We come this week to a coin that is considered to be one of the most important historical, religious, and architectural artifacts from the Greek world. Struck in Delphi, the so-called “navel of the world,” this coin is thought to show two drinking vessels shaped like the heads of rams on the obverse, and is commonly associated with the Greek defeat of the Persians in 479 BCE. The reverse is thought to show the actual ceiling of the temple of Apollo at Delphi on the reverse.
This attribution has raised some questions, but it is believed that the Persian treasure from the campaign was dedicated at Delphi and the frequent repetition of dolphins, associated with Apollo Delphinios, the particular god of Delphi, has strengthened these claims.
This is a very rare denomination (tetradrachms are most common, along with didrachms and drachms) and a very rare coin. Less than twenty are known to still exist.
This electrum hekte, struck in 521-479 BC, at the ancient city of Phokaia in Ionia features the front facing head of Silenos (Silenus) with wide eyes, beard and mustache. The reverse is a quadripartite incuse square. A very rare coin, only 10 examples are known, five of which are in museums.
In Greek mythology, Silenus was the old rustic god of wine making and drunkenness. He was Dionysus’ foster father and tutor. Dionysus was nursed by the Nysiad nymphs and raised by Silenus in a cave on Mount Nysa. He was usually depicted as a bearded, balding old man with a pot belly and stubby nose, with the ears and tail of a donkey.
I’m done with Season One and what a lovely season it was!
To recap here are all 29 episodes with descriptions and links to some more in-depth reviews. The best episodes (in my opinion) are bolded.
The Vulcan Affair: In which Napoleon’s hair is hella weird. The Iowa-SCUBA Affair: The title makes no sense. The episode follows suit. The Quadripartite Affair: where it becomes apparent that Illya is the worst flirt in the world. He compares himself to furniture. Because Ladies love furniture. The Shark Affair: in which Illya gets beaten up by doors and Napoleon gets whipped, but in which no sharks were actually harmed. The Deadly Games Affair: the plan is Zombie Hitler. The solution is kill it with fire. The Green Opal Affair: Repeat after me: Illya is the only one allowed undercover ever again. The Giuoco Piano Affair: where the crazy villains are doin’ it for love. The Double Affair: in which Napoleon Solo is replaced by a perfect double and nobody notices. The Project Strigas Affair: where Kirk and Spock are not yet Kirk and Spock The Finny Foot Affair: aka the one with mini Snake Plissken. The Neptune Affair: Soviet officer Illya is forced to put the lives of his countrymen in the hands of Napoleon Solo. He is understandably distressed. The Dove Affair: Spy vs spy, but Napoleon has the advantage because Khan Noonien Singh is afraid of children. The King of Knaves Affair: As a result of brainwashing, Napoleon isn’t quite as bad at undercover work this time. The Terbuf Affair: In which being so obviously American is a definite handicap. The Deadly Decoy Affair: Mr. Waverly has a cunning plan. Napoleon Solo fucks it up. The Fiddlesticks Affair: The Casino Heist. The Yellow Scarf Affair: where you realize Napoleon’s thing is personal one-on-one rapport with villains. The Mad, Mad Tea Party Affair: In which Mr. Waverly is so much of a troll even THRUSH is confused. The Secret Sceptre Affair: in which Napoleon is completely, brutally wrong. (and Illya should stop going on vacation with his partner.) The Bow-wow Affair: Illya’s episode. He names a fox “Napoleon” and it literally takes Solo’s role in the plot: causing a huge commotion and leading the bad-guy henchmen (dogs) on a merry chase because he’s so foxy. The Four-Steps Affair: Illya metaphorically beats cynicism into a child. The See-Paris-and-Die Affair: Alternative title: Illya’s terrible, no-good, very bad day. The Brain-Killer Affair: In which the Section Ones demonstrate why they’re in charge. The Hong Kong Shilling Affair: where Illya pretends to be a Mongol Lord for reasons that I’m sure were explained but which currently escape me. The Never-Never Affair: in which the Joker goes after Agent 99. The Love Affair: Listen up kids: joining a cult is less fun than it sounds. The Gazebo in the Maze Affair: In which lifelong bondage fans are made. The Girls of Nazarone Affair: Napoleon learns blond(e)s are dangerous despite being Illya’s partner for almost an entire season by now. The Odd Man Affair: All the evil cool kids wear sunglasses to a nightclub, but it’s in France so no one notices.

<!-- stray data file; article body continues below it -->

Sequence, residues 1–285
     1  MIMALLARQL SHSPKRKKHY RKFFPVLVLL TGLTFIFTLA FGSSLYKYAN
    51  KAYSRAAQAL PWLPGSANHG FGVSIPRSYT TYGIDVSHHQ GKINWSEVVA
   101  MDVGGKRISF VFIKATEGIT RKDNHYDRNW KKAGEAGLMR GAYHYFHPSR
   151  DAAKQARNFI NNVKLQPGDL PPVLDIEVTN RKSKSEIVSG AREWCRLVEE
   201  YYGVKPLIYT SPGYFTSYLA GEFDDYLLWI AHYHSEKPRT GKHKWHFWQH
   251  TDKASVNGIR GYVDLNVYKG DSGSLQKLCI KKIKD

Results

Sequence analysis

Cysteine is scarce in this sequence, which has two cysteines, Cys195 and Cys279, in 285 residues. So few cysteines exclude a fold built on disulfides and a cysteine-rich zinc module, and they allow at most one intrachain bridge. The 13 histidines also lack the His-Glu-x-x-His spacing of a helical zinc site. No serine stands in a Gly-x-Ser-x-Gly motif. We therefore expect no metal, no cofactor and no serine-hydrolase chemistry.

This is an electrum stater from the city of Cyzicus (aka Kyzikos) in the region of Mysia (map), with the very rare depiction of the hellhound Cerberus (with just two heads). He is depicted above a tunny fish with a quadripartite incuse square on the reverse. Cerberus appears with some frequency on Roman provincial coins, yet rarely on Greek coins. In Greek and Roman mythology Cerberus guards the entrance of the Greek underworld to prevent the dead from escaping and the living from entering. He is best known for having been captured by Heracles in his twelfth and final labor, which was by far his most dangerous. After delivering the hellhound to King Eurystheus, he then returned to chain the creature at the gates of Hades, which he continued to guard.